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VERY close call today on snowy/icy Interstate 40

Discussion in 'Model S: Driving Dynamics' started by tinm, Dec 29, 2015.

  1. tinm

    tinm 2013 S85 Owner

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    #1 tinm, Dec 29, 2015
    Last edited: Dec 29, 2015
    Driving home today, eastbound I-40, about 10 miles west of the Gallup supercharger exit.

    It'd been generally okay weather from Flagstaff which was 14ºF, and by Winslow it was in the 30s, but past Holbrook the flurries began and the temps dropped to freezing. Then just 10 miles from the Gallup charger, the snow got heavy, like a squall almost. Not sticking, but heavy. I was following an 18-wheeler who was driving carefully. Snow was swirling on the dry road; the truck was doing a good job keeping things clear for me. I stayed about 50-100 yards behind him. We were doing about 65 in a 75, no problems.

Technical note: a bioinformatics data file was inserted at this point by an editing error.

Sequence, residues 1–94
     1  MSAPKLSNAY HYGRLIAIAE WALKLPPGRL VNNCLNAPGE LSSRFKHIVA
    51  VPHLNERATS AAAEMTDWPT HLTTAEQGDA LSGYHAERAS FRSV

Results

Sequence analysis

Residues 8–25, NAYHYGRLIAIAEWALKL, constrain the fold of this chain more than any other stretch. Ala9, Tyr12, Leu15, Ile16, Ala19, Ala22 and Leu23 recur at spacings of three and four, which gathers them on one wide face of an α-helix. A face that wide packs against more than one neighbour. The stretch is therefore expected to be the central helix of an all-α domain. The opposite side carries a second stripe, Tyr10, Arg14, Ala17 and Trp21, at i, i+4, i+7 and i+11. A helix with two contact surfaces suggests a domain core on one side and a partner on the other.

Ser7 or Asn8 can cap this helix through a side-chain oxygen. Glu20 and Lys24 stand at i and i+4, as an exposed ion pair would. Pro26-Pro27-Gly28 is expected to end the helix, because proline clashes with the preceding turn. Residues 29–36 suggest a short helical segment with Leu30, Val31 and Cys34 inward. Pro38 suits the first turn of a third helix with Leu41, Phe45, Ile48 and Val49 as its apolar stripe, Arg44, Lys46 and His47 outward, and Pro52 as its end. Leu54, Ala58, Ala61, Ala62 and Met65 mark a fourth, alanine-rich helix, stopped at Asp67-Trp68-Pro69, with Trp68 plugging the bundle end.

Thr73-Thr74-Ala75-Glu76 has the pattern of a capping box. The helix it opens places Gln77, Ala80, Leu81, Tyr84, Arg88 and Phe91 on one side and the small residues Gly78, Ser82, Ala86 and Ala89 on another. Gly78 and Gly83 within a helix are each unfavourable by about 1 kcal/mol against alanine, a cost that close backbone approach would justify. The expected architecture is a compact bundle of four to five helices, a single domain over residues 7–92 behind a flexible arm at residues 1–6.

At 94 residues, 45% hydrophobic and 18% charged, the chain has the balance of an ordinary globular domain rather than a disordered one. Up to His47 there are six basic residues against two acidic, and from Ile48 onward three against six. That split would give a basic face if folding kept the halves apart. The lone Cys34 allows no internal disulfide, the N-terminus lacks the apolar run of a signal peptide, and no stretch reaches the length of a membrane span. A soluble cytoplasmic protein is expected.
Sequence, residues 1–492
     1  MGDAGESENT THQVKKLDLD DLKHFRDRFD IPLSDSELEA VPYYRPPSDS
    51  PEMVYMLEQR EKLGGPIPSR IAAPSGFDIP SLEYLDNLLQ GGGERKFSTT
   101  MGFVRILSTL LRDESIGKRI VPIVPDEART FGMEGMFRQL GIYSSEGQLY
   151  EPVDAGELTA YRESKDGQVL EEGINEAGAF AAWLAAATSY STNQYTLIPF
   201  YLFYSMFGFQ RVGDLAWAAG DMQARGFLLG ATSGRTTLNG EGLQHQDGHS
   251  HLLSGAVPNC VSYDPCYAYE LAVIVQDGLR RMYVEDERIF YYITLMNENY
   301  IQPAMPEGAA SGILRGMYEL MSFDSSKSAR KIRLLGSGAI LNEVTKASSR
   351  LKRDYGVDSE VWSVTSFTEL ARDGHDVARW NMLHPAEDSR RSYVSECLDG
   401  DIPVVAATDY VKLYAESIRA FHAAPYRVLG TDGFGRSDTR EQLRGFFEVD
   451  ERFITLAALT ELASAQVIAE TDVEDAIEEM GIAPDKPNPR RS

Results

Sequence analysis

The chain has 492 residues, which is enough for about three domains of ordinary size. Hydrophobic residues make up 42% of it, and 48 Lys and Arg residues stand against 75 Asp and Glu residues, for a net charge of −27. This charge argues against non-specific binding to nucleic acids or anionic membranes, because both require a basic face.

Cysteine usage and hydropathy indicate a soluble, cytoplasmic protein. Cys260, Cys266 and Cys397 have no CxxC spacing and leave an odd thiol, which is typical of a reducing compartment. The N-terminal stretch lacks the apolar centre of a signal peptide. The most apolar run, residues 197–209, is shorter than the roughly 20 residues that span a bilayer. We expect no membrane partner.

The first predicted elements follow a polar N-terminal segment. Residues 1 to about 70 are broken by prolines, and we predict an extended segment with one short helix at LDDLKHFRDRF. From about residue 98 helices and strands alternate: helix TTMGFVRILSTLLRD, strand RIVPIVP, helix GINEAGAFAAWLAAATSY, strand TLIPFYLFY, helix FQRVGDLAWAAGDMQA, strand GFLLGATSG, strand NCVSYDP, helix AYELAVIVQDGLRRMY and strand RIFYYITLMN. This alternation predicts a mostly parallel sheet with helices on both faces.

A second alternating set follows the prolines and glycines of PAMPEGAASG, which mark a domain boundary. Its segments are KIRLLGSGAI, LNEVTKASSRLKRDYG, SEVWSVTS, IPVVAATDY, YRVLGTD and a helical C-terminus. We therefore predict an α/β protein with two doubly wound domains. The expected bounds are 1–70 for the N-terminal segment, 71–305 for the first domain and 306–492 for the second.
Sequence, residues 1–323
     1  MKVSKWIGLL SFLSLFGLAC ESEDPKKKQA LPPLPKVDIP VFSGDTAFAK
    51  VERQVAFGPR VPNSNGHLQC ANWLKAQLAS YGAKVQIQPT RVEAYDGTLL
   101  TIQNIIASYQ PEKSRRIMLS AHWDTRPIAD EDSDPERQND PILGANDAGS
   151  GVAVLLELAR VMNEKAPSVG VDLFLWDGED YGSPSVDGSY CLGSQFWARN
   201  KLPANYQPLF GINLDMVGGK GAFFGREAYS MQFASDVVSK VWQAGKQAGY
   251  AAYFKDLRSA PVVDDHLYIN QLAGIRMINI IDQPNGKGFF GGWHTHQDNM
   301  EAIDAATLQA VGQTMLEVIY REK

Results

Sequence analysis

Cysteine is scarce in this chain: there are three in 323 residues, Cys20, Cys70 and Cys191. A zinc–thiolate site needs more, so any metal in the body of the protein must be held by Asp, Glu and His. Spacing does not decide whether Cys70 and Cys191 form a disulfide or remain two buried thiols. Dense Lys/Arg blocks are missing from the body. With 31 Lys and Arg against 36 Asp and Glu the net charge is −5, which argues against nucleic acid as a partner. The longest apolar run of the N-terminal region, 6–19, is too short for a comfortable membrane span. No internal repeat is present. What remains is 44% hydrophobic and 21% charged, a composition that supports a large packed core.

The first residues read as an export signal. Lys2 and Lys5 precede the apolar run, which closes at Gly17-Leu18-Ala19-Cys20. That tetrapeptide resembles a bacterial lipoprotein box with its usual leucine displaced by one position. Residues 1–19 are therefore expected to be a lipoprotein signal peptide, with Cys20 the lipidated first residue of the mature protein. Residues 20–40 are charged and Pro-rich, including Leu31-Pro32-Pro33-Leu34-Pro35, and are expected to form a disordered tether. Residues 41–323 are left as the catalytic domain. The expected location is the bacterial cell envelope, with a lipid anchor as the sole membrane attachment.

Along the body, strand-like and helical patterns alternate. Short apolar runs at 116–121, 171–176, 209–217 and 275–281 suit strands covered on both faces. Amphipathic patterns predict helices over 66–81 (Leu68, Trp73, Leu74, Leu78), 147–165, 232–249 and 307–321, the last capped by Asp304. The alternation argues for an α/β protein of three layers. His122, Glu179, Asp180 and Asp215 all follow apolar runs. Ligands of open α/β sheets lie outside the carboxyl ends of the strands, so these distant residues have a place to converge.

Then the truck takes an exit and is gone. A minute later, snow starts sticking on the road. Soon, the left lane of I-40 is covered in snow, right lane is clear, but getting sticky. I slow down into mid-50s. A minute later, right lane is now two wide tire trails clear, but rest sticky and covered with 1/4 inch. And then within 30 seconds, now I'm at 50mph, and then suddenly the road gets slick, the whole right lane is covered....

    This is where many things happened nearly simultaneously:

    • I let off on the gas very gently, but the regen kicks in, like you'd expect.
    • The regen kicking in turned out to be a bad thing because the laws of physics don't know about regen when it comes to cars and slick roads, they just know about cars, slick roads, and braking, and to the world this regen equated to braking.
    • My Model S begins losing traction.
    • Rear wheels get wobbly.
    • Now I'm beginning to fishtail.
    • All the while a Ford F150 that had been following me at a respectable distance has come right up behind me, and he doesn't seem to notice that my car is about to wipe out.
    • The Model S begins fishtailing, first left, then right.
    • Suddenly, I'm driving at 45 DEGREE ANGLE TO THE ROAD! I quickly steer to correct for this, and the car swings 45 DEGREES THE OTHER WAY!